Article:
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Transcript of Stakeout by Deputy UN Special Envoy for Syria, Ambassador Ramzy Ezzeldin Ramzy

29 September 2016

Geneva, 29 September 2016


RER: Good afternoon and I apologize for keeping you waiting. We had a long, and difficult meeting of course, given what is happening on the ground, and particularly in Aleppo. But first allow me to convey the regrets of the Special Envoy who would have liked to be with us here today but as you probably already know, he is in the Vatican. The Pope is making an appeal about Aleppo and asked Mr. de Mistura to be with him today.

I will not be providing you as usual with a detailed political update, most of the action has been taking place in New York and other capitals, and that continues to be the case, so this time round we will concentrate only on the humanitarian side.

As I said earlier, Aleppo is overshadowing the deliberations of the Humanitarian Task force. The situation in Aleppo is utmost on our minds, the Secretary-General has expressed in the strongest possible terms, including yesterday in the Security Council, his outrage at what is happening. He and the Special Envoy have made clear that it the extremely heavy aerial bombardment is a major threat to the civilians in eastern Aleppo. Also there is indiscriminate shelling of western Aleppo. The bombing must stop, civilians must be protected and the cessation of hostilities must be restored. We reiterate once again United Nations repeated appeals in this regard, and call upon the co-chairs of the ISSG to work together to make the cessation of hostilities a reality once again.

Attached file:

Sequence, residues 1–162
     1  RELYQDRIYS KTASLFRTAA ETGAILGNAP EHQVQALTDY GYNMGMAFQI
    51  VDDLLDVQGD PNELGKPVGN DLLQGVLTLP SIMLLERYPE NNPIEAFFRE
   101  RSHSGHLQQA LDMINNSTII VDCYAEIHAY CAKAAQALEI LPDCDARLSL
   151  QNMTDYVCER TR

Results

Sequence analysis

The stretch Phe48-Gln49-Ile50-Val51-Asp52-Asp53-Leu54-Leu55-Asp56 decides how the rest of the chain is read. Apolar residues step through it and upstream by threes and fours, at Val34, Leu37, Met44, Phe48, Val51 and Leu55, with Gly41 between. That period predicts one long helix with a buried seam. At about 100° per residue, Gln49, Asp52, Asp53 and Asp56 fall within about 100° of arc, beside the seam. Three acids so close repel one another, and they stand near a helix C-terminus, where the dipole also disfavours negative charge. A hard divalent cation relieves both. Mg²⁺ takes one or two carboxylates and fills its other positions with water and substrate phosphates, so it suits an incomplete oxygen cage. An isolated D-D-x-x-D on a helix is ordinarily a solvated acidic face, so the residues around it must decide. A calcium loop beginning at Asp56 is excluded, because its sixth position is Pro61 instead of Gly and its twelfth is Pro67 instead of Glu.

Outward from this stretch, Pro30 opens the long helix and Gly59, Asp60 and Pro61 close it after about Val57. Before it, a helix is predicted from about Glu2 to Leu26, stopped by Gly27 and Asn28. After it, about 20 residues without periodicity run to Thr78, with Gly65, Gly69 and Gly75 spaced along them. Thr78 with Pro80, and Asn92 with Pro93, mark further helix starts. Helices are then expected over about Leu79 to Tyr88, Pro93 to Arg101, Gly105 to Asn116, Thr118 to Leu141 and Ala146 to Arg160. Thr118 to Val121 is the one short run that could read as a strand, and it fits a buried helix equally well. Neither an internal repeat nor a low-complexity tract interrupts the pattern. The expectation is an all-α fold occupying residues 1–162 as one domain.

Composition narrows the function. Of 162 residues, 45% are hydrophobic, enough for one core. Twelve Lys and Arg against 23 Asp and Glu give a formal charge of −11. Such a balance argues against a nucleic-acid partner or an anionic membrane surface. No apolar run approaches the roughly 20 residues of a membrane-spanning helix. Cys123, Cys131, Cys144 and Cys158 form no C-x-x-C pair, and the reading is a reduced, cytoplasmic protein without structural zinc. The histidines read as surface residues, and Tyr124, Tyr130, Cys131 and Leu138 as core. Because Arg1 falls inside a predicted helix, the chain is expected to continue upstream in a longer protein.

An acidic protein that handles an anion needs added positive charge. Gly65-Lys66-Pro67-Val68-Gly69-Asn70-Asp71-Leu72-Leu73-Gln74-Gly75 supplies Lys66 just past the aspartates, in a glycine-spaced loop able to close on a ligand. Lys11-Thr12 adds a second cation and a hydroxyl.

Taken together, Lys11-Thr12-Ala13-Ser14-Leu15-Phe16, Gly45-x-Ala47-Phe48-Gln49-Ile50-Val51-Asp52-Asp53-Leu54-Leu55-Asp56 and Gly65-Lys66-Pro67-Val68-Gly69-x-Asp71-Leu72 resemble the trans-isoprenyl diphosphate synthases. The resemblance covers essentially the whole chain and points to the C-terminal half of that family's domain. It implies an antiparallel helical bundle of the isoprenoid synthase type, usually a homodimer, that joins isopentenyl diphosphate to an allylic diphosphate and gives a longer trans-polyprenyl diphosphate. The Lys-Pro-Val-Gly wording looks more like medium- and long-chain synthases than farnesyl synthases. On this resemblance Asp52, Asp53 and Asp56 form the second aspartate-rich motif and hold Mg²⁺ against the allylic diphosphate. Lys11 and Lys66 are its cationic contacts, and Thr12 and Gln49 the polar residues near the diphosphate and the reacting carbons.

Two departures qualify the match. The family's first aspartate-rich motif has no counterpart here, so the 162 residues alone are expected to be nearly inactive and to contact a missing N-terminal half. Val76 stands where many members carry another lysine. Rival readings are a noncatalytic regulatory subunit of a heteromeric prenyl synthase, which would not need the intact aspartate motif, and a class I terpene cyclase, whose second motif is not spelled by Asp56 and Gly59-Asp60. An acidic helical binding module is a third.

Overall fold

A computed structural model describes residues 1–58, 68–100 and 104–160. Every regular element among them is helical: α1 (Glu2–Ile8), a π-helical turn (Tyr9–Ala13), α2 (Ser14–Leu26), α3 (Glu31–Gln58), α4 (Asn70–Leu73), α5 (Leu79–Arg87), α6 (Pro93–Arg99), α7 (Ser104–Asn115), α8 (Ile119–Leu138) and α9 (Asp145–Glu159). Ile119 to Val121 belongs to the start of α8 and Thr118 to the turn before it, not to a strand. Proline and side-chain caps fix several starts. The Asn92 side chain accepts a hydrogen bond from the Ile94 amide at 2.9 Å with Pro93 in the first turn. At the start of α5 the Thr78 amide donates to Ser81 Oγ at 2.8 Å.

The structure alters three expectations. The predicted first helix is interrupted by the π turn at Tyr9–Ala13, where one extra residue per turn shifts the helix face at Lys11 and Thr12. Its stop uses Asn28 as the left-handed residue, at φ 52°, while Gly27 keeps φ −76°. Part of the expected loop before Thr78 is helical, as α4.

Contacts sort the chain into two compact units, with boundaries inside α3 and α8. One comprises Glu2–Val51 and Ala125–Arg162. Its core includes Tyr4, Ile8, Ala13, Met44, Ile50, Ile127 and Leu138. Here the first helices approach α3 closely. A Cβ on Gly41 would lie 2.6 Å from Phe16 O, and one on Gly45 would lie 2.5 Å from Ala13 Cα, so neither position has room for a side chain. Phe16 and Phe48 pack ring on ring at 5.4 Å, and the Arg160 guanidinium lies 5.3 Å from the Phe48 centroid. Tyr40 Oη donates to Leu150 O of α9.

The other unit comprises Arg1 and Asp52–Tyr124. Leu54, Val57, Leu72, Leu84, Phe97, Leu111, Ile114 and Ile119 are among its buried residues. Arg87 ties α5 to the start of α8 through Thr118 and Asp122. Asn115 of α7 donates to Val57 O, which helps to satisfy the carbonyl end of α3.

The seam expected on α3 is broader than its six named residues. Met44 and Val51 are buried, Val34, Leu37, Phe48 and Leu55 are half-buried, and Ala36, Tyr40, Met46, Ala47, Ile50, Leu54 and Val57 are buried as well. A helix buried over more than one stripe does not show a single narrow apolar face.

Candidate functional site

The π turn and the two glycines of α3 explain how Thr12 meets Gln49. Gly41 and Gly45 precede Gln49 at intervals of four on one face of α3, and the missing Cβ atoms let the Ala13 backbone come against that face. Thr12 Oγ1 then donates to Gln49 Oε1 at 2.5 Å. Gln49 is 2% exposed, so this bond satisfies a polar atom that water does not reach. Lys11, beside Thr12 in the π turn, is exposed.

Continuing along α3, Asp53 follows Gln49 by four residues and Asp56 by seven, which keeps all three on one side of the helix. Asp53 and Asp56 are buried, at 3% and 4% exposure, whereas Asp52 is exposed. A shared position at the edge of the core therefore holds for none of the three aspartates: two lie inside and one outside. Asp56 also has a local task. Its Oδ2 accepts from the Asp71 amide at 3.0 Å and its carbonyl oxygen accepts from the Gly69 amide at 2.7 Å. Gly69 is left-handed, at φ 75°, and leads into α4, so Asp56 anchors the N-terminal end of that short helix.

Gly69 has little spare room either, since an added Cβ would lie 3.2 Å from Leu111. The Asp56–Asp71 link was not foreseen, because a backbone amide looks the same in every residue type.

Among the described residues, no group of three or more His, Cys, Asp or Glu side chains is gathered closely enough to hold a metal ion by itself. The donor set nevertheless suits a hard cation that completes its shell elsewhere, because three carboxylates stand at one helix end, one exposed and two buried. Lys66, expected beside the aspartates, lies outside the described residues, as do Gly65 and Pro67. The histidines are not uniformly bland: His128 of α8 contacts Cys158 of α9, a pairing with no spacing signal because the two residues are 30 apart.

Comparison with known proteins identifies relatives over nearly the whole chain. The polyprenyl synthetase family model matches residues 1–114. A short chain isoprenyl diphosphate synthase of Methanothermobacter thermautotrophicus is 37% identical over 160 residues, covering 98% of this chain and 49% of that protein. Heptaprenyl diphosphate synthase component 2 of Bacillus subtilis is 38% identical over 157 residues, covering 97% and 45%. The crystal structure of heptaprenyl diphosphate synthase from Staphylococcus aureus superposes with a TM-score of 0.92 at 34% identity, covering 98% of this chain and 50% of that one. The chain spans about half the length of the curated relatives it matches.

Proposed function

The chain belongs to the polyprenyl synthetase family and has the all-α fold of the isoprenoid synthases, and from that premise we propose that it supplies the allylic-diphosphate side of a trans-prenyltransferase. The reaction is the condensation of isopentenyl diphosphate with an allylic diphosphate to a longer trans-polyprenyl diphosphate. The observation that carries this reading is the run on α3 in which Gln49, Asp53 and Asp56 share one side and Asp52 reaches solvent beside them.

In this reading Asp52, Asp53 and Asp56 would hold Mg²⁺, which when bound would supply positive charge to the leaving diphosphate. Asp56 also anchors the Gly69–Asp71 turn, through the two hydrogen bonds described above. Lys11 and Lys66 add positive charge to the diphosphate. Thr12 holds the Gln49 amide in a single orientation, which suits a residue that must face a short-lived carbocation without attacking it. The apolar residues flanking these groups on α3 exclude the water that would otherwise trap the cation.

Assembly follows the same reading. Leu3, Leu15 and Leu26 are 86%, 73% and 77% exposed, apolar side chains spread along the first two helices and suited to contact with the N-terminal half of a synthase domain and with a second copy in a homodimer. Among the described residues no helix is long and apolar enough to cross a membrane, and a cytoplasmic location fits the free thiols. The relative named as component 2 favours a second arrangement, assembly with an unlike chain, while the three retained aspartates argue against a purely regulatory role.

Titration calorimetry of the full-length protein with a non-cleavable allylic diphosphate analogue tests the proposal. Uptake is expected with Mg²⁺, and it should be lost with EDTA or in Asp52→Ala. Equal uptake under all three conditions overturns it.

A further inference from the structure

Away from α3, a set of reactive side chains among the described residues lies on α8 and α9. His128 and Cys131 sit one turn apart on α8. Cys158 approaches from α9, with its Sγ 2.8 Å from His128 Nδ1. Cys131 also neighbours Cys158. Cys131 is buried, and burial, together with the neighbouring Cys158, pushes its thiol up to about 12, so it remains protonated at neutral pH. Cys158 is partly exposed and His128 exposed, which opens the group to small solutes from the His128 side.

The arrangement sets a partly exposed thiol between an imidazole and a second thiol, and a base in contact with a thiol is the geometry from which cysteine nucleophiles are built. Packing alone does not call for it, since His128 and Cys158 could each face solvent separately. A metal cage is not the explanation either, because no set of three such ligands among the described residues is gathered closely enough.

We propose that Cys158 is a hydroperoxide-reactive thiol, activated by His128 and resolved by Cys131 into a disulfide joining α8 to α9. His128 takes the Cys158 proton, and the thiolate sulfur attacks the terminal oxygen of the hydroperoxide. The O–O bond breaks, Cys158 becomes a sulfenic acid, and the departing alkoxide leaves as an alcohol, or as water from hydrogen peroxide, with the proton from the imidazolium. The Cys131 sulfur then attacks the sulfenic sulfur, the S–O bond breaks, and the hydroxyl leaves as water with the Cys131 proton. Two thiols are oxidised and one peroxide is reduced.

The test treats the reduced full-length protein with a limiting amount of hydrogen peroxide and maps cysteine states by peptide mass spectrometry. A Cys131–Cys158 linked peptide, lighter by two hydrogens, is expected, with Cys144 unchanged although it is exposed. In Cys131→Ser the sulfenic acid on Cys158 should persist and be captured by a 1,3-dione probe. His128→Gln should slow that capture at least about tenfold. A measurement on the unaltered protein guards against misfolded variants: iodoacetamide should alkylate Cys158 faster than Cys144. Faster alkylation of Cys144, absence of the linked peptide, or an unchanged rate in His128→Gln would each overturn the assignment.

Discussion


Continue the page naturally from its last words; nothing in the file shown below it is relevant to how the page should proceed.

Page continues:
Meanwhile, humanitarian actors on the ground are doing their best to help the people of Aleppo, and that is what we discussed today. The UN at the Task Force appealed to the members of the ISSG to help us discharge our duties.

Utmost in our minds is the need to address the very concerning medical situation. Many hospitals have been damaged by air strikes, and medical supplies are dwindling. It is estimated that there are as many as 600 wounded cannot be provided with adequate treatment. Just yesterday two of the remaining eight hospitals in eastern Aleppo were reportedly hit by shelling, taking them out of service. There are now no more than 35 doctors, covering a population of at least 275,000.

WHO has developed possible options for medical evacuations because that is the utmost priority at this point, is to evacuate the wounded, it is vital that they are able to make these evacuations happen as soon as possible.

Also food stocks are running low in Aleppo. Many bakeries remain closed and only 14,000 rations remain in eastern Aleppo, enough for only a quarter of the population. Basic infrastructure has also been affected such as the water and electricity, there is severe shortage in that regard too.

It is clear that humanitarian aid, especially medical items and medical evacuations are urgently needed. We hope that it will be possible to create conditions for such deliveries to be made. The UN continues to be ready to deliver humanitarian assistance as soon as possible.